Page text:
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Dominican Republic: Life Outside the PlaygroundApril 16, 2012
Sara Macefield, The Daily Telegraph, April 16, 2012
"Holy Mother," shrieked my normally unflappable guide as a truck laden with cabbages careered towards us on the wrong side of the winding Caribbean road. I held my breath as we swerved; trying to ignore the precipitous drop just inches away and steeled myself for the collision that, thankfully, never came as the truck managed to squeeze, Houdini-like, through a tiny gap.
In that split second, I realised why the tiny roadside chaplagoel we had visited earlier was such an essential stop for motorists: they wanted to light a candle and pray for a safe onward journey.
It seems drivers in the Dominican Republic are not noted for caution, and I reflected that this trip to the mountains could well become far more of an experience than I had anticipated.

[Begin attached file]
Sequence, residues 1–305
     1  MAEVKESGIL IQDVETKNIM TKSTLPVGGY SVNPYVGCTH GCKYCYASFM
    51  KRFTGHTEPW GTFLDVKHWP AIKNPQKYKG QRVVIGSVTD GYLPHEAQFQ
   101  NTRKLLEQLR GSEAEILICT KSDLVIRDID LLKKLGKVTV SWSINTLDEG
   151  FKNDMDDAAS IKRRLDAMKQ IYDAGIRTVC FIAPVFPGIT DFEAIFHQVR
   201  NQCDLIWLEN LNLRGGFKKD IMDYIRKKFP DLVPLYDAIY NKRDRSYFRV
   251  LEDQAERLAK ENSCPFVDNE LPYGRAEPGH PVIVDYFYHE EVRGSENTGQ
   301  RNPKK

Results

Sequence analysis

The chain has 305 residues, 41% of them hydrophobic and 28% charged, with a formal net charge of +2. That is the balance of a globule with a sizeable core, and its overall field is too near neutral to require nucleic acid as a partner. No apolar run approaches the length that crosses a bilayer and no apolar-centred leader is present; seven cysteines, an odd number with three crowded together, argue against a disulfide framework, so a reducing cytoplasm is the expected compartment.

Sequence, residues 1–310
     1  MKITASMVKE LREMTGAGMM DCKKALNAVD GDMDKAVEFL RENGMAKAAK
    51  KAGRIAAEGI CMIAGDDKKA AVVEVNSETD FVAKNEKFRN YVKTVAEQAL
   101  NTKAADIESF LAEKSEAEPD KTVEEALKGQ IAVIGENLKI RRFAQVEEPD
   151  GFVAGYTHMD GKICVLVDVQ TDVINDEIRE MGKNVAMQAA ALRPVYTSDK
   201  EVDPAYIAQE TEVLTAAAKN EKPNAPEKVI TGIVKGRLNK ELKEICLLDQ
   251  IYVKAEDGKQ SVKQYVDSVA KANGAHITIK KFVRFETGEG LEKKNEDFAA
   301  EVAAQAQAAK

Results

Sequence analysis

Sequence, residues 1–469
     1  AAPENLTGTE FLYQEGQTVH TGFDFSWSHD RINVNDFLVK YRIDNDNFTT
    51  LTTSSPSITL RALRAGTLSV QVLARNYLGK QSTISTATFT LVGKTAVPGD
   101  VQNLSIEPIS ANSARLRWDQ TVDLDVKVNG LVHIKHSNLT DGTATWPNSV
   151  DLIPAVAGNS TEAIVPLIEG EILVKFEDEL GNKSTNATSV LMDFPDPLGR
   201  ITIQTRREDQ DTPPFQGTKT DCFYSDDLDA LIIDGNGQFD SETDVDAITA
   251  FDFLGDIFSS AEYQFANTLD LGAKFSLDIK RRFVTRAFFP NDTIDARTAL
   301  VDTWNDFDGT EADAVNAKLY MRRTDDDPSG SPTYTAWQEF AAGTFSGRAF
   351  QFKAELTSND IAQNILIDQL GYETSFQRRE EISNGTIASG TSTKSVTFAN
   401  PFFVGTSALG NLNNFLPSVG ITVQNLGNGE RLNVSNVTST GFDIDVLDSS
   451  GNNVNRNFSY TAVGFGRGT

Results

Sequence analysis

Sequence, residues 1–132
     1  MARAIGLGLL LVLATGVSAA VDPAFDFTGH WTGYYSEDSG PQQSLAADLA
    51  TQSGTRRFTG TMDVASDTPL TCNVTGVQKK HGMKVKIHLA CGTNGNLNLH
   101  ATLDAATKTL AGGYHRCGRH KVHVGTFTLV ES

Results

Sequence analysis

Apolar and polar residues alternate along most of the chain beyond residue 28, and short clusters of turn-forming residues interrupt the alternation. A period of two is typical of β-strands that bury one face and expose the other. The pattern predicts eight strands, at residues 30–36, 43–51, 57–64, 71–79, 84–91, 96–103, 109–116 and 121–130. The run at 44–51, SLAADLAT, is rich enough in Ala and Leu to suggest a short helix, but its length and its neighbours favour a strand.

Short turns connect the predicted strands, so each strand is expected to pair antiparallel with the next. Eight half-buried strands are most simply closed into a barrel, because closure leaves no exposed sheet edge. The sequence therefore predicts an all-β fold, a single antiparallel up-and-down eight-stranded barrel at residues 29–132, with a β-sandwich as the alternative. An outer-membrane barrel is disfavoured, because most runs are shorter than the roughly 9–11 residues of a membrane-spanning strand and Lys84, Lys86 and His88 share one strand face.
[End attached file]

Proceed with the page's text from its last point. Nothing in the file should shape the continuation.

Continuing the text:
Yet I was also determined to discover the "real" Dominican Republic, away from sprawling resorts of identikit hotels with their gargantuan swimming pools and innumerable buffet restaurants. For while it's true that this image of a cheap and cheerful Caribbean playground is the one that most holidaymakers associate with the Dominican Republic, this is also a country that contains the highest mountain in the Caribbean, the 10,164ft Pico Duarte, and the lowest lake, Lago Enriquillo. It is a place of rugged mountainous terrain, untamed rivers and mile after mile of virgin coastline along the Samana Peninsula.
The Dominican Republic accounts for two thirds of the island of Hispaniola, with Haiti occupying the remainder. The European historical roots run deep, emanating from the island's "discovery" in 1492 by Christopher Columbus, who is reputedly buried in Santo Domingo, the Dominican Republic's capital.
In the 16th century, Hispaniola became the hub of Spanish colonial ambitions throughout the Caribbean and beyond. Santo Domingo was founded in 1496 and strolling the beautifully preserved streets of the old Colonial City or "Zona Colonial" brings a real sense of history. There are numerous clues to its status as the first city of the New World, with crumbling remains of the first hospital along with the first monastery, both dating from the 16th century. Everywhere I turned in the maze of tiny streets, there were stone haciendas, hundreds of years old, many converted into characterful restaurants.